Insects do not have lungs, but instead employ a highly branched network of internal tubes, called tracheae, to deliver oxygen to the tissues. Tracheae connect with the atmosphere through openings in the exoskeleton called spiracles. Insect circulatory systems transport nutrients and wastes in a fluid called hemolymph, which is pumped into and out of internal chambers surrounding the organs, an arrangement called an open circulatory system.

Reproduction and Development

Most insects reproduce sexually, although the aphids are a notable exception. Aphids reproduce by parthenogenesis, in which the egg develops into a new organism without fertilization . In honey bees and some other social insects, only one female per colony reproduces, and males are haploid , whereas females are diploid , a system called haplodiploidy. The queen produces new (diploid) females (workers, soldiers, and future queens) from fertilized eggs. Males are produced from eggs that are not fertilized, and thus males are haploid.

Insects vary in their degree of metamorphosis during development. Butterflies, beetles, and flies, for example, undergo complete metamorphosis, in which the egg hatches into a feeding larva, which then pupates. Within the pupa, the larval tissues dissolve and rearrange into the adult form. In contrast, grasshoppers, cockroaches, and cicadas undergo incomplete metamorphosis, emerging from the egg as a miniature adult, but minus the wings and genitals. To grow, all insects must molt, or shed their exoskeleton, which then reforms around the larger individual.

Metamorphosis often allows juvenile and adult individuals of the same species to avoid competition for food. Larval moths feed voraciously and can be significant agricultural pests, while adult moths either don't feed or consume only nectar.

Diversity

Insects are the most diverse of all groups of organisms, with over 800,000 species named and many thousands, probably millions, yet to be discovered. Insect diversity may be linked to their close association with the angiosperms (flowering plants). The Coleoptera (beetles) are the most diverse of all insect orders, with at least 350,000 species, representing one fourth of all known animal species. (Asked what could be inferred about the work of the Creator from a study of His works, British scientist J. B. S. Haldane is reported to have quipped, "an inordinate fondness for beetles.") The evolutionary reasons for the mind-boggling diversity of this single order are not clear. Other major orders of insects include the Diptera (flies), Hymenoptera (bees and wasps), Hemiptera (true bugs), and Lepidoptera (moths and butterflies). Note that each name describes the wing ( ptera means "wing"). For instance, Diptera means "two wings," referring to the presence of only one wing pair in this order. In the Coleoptera ("sheath wings"), the first pair of wings is modified into a hard covering for the rear pair, which is easily observed in a lady beetle, for instance.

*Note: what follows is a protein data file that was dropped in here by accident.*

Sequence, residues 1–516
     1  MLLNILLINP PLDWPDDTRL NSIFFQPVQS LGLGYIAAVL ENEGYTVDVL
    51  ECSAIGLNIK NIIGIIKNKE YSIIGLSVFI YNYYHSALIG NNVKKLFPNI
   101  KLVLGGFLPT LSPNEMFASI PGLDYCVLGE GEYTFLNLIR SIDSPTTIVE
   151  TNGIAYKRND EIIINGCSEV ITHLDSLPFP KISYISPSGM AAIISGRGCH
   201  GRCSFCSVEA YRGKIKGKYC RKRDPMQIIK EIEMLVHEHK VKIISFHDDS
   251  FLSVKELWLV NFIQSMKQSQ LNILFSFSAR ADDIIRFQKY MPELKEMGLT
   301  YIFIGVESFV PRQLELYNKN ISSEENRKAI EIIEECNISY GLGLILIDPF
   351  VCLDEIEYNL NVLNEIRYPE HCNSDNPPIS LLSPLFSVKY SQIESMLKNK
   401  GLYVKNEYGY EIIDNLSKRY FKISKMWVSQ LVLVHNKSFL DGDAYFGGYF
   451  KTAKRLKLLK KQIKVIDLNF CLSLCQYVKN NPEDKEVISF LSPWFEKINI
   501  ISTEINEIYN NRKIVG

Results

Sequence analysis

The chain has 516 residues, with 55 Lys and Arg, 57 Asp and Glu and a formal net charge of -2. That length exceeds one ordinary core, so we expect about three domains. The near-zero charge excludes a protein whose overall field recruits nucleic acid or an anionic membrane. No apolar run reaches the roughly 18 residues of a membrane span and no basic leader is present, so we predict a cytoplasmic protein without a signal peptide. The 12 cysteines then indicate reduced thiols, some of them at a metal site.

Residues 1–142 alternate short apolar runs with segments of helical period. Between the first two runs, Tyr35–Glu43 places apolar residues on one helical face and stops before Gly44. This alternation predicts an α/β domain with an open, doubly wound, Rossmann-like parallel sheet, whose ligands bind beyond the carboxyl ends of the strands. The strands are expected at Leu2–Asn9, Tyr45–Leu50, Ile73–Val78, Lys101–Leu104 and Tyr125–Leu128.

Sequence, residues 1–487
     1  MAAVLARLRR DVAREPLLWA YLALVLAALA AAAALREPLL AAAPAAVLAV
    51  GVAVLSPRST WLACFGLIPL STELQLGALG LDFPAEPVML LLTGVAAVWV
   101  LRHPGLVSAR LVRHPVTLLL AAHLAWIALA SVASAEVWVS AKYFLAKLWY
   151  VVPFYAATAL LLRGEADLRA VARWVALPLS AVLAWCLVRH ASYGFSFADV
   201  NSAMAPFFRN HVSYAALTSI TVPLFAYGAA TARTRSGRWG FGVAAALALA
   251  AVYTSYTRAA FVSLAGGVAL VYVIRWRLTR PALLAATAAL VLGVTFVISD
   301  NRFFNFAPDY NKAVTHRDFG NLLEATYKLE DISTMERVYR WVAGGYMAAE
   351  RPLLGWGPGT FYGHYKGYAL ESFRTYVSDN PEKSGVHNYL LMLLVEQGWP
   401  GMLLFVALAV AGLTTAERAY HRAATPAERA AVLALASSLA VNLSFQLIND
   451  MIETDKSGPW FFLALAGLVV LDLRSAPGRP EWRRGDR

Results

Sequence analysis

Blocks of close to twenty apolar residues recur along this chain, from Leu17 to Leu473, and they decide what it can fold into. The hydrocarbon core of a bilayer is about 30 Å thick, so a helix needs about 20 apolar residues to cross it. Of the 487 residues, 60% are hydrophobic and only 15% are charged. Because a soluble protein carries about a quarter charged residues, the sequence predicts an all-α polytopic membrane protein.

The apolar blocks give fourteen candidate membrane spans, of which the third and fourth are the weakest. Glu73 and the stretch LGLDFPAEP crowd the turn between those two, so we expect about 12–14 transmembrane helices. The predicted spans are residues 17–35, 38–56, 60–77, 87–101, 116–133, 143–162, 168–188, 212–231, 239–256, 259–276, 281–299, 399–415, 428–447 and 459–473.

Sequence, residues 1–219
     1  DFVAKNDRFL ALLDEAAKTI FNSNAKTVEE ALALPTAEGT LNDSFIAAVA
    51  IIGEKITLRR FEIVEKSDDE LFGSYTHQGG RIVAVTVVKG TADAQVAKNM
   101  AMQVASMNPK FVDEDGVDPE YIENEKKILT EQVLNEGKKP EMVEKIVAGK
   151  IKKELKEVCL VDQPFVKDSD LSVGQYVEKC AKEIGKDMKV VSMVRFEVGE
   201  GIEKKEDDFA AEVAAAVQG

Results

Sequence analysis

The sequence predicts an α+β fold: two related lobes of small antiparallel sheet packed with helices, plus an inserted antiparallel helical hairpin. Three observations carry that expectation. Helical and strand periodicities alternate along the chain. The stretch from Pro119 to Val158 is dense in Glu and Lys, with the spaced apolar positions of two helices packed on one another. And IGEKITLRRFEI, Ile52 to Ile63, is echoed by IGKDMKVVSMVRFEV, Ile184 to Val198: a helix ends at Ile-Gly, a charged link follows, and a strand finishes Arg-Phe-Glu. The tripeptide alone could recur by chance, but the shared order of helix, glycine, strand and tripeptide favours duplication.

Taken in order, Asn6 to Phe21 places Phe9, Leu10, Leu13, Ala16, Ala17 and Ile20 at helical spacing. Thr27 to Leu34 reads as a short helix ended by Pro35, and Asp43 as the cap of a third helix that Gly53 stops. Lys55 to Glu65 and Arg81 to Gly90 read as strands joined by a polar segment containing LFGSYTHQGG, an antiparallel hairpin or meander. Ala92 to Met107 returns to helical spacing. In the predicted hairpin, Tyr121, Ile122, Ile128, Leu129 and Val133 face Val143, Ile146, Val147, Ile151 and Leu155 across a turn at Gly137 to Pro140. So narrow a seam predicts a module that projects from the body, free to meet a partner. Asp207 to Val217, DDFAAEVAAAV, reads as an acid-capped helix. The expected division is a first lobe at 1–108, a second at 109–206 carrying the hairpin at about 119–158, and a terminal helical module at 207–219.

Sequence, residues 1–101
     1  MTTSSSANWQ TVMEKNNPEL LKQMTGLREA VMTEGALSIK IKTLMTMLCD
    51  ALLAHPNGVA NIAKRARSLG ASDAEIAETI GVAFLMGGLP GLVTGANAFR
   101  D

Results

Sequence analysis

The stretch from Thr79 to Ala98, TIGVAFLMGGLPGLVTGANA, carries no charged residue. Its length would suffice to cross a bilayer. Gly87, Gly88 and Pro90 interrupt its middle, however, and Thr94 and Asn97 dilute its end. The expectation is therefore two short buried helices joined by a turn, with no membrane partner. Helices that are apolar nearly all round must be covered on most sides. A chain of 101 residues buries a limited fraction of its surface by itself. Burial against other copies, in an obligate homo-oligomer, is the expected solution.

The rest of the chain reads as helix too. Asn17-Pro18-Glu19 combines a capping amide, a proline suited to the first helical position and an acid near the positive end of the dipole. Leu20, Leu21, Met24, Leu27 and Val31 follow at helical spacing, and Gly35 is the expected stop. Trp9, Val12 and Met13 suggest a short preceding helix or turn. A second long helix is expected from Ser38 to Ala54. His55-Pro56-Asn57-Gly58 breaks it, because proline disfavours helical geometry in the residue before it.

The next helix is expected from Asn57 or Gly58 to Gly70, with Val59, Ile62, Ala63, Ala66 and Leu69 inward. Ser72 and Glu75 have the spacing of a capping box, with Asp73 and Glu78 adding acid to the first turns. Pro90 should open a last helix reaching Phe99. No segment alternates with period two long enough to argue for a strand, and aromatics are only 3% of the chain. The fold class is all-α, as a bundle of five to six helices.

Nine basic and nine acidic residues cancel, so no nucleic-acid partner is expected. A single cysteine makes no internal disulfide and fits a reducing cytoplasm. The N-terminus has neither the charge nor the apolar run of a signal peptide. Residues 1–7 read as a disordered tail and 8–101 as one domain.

SEE ALSO Angiosperms ; Arachnid ; Arthropod ; Biodiversity ; Osmoregulation ; Physiological Ecology ; Plant Pathogens and Pests ; Symbiosis

Richard Robinson

Bibliography

Berenbaum, May. Bugs in the System. New York: Addison-Wesley, 1995.

Daly, H. V., J. T. Doyen, and A. H. Purcell. Introduction to Insect Biology and Diversity. New York: Oxford University Press, 1998.

Evans, Arthur V., and Charles L. Bellamy. An Inordinate Fondness for Beetles. New York: Henry Holt & Company, 1996.

Fabre, Jean Henri. Fabre's Book of Insects. Mineola, NY: Dover Publications, 1998.